October 6, 2023

Food Consumption and Waste: Environmental Impacts From a Supply Chain Perspective

Andrea Veselá

Andrea Veselá

FoodCloud Communications Team

This summer, the Joint Research Centre of the European Commission (JRC) published a policy brief on research undertaken through the creation and use of a life cycle analysis (LCA) tool developed with the aim of assessing the environmental impacts of EU food production and consumption. The results of this LCA, in particular the indicator “Consumption Footprint” have been communicated with the aim of analysing the status quo and progress in terms of meeting EU targets pertaining to sustainable food systems. This analysis was done with a focus on food waste as an important factor in the sustainability (or lack thereof) of any given food system. 

The research found that food waste contributed to 11-17% of total impacts of the EU food system, depending on product type and impact category. In the impact category of water use, food waste was responsible for 12% of total impact, while in the categories of land use and climate change this figure was 16%, in line with other research from recent years, which highlights food waste prevention as a key climate mitigation strategy. To contextualise these figures, the following graph was presented in the study, showing that if food waste were an EU member state, it would be its fifth largest emitter:

Source: reproduced from Food consumption & waste, citation below

In terms of impact of individual food categories, wasted vegetables were found to contribute to climate change much less than all other food sorts, while meat and dairy, although as categories accounting for merely 20% of the actual mass of food wasted in the EU, are responsible for over half of its negative environmental impacts. Moreover, the further along the food chain a product is wasted, the worse its environmental impact will be. This means that food waste at household or food service level is by far the most harmful. Therefore, food waste prevention becomes even more important in the later stages of the supply chain, and with 62% of food wasted at the consumption stage, this research shows the importance of measures such as surplus redistribution or increased consumer awareness in the fight against food waste and climate change.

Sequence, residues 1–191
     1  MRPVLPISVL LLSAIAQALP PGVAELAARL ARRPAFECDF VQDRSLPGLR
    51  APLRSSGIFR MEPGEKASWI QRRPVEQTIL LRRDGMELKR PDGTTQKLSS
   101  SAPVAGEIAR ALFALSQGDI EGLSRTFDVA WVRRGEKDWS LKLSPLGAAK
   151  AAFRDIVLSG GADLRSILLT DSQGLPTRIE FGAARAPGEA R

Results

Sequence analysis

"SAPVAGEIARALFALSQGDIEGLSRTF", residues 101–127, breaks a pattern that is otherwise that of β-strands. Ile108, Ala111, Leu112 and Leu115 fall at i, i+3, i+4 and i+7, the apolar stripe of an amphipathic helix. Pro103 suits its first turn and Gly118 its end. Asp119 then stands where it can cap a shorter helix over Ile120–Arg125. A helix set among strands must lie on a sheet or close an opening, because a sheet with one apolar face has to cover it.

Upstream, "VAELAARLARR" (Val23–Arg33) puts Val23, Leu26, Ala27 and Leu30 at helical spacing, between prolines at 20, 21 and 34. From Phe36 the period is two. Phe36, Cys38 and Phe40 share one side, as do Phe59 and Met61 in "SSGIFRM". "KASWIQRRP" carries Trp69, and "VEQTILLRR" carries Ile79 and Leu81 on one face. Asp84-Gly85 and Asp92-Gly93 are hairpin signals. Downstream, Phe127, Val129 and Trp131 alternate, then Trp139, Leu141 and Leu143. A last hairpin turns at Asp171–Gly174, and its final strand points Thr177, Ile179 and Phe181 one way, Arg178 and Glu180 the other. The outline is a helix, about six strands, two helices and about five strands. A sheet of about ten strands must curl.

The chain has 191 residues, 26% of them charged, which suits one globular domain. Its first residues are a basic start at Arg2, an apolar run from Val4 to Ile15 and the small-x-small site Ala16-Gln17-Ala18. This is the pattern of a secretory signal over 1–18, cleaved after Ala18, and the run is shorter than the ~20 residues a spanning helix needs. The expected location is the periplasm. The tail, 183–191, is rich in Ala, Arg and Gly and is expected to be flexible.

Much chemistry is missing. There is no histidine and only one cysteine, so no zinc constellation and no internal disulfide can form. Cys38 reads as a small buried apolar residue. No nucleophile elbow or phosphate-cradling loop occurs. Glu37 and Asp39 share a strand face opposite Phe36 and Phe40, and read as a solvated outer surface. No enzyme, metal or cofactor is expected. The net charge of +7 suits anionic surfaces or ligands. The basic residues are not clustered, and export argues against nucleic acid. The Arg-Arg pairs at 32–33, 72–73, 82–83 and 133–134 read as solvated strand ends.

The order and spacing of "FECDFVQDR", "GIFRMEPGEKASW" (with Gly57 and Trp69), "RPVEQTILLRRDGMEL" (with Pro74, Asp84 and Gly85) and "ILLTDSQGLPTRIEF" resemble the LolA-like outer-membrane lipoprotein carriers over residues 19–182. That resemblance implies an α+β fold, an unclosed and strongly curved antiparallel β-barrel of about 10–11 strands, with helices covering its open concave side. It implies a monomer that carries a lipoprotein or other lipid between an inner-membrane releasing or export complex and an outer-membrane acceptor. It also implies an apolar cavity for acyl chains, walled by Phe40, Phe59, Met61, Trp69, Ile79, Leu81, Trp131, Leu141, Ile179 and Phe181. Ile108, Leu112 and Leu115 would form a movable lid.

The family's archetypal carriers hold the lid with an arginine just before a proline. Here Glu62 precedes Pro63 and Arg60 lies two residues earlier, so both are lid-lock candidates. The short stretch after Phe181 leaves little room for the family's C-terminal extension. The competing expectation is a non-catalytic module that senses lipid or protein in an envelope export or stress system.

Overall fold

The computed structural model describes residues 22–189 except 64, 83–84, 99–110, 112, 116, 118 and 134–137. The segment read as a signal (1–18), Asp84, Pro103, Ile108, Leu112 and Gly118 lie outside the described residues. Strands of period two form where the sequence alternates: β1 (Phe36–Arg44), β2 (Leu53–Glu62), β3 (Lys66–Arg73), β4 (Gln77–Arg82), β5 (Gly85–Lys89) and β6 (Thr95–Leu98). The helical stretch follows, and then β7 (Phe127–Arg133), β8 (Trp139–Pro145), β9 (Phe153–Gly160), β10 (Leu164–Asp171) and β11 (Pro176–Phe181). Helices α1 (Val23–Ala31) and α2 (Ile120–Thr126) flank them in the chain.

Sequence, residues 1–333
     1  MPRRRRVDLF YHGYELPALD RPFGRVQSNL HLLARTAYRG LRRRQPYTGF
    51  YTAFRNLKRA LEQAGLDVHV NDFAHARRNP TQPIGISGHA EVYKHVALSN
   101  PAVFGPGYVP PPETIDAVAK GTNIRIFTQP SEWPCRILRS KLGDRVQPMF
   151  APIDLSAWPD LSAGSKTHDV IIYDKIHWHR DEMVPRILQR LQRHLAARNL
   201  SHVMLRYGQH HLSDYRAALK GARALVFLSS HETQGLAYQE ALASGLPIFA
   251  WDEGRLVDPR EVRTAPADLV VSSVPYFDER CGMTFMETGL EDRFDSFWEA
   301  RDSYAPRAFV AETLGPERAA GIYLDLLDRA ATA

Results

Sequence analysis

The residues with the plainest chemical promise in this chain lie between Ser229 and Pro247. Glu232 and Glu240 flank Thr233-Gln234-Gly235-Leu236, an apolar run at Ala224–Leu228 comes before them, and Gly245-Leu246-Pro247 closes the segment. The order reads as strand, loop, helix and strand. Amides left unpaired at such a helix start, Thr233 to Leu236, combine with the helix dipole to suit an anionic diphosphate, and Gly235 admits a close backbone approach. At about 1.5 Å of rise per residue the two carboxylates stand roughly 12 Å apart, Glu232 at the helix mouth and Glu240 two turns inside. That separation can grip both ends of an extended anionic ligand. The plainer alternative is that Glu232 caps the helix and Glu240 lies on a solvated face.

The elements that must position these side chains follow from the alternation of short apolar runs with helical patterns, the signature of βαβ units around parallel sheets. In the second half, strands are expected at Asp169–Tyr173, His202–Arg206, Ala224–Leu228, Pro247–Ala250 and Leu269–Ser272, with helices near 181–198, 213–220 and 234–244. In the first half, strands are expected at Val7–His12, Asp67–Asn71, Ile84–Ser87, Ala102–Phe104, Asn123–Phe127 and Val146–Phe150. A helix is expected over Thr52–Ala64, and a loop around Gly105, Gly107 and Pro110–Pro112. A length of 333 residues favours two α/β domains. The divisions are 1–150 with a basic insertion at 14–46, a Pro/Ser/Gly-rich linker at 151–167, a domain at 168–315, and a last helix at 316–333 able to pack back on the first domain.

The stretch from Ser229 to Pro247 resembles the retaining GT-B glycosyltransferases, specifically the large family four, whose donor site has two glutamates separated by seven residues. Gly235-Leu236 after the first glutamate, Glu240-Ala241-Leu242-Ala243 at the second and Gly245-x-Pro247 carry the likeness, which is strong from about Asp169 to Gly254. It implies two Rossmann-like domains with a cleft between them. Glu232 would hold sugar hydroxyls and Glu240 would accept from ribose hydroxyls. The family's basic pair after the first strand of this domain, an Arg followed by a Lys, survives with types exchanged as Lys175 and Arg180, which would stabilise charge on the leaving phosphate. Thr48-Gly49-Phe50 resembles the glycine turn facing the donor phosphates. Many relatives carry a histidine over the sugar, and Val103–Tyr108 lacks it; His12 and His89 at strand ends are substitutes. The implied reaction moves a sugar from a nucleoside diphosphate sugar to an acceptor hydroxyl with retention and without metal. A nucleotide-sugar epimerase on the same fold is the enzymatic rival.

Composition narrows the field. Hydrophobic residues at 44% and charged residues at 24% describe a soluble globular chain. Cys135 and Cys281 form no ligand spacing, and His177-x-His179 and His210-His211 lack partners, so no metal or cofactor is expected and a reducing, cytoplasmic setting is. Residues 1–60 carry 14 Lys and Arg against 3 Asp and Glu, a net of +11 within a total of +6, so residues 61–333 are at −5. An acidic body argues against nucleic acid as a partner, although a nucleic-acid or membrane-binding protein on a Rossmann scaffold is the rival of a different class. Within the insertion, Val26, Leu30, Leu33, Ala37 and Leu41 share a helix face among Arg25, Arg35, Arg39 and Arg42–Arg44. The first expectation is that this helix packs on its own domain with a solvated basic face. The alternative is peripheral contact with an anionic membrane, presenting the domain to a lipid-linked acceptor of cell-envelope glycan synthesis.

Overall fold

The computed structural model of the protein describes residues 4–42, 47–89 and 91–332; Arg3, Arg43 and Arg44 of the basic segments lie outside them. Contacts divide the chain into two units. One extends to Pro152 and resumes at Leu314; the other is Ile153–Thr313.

Last Friday, FoodCloud launched the first iteration of its EPA funded carbon calculator. The calculator also uses life cycle analysis tools to measure the impact of avoiding food waste in terms of CO2e saved or avoided, and land and water use in the production of food. If you have any questions on the calculator or wish to learn how your organisation can help save or avoid waste of CO2e, and make our food system more sustainable, all while supporting the most vulnerable in our society, then please get in touch at food.cloud

The full JRC publication is available here (Sala, S., De Laurentiis, V. and Sanye Mengual, E., Food consumption and waste: environmental impacts from a supply chain perspective, European Commission, 2023, JRC129245.) 

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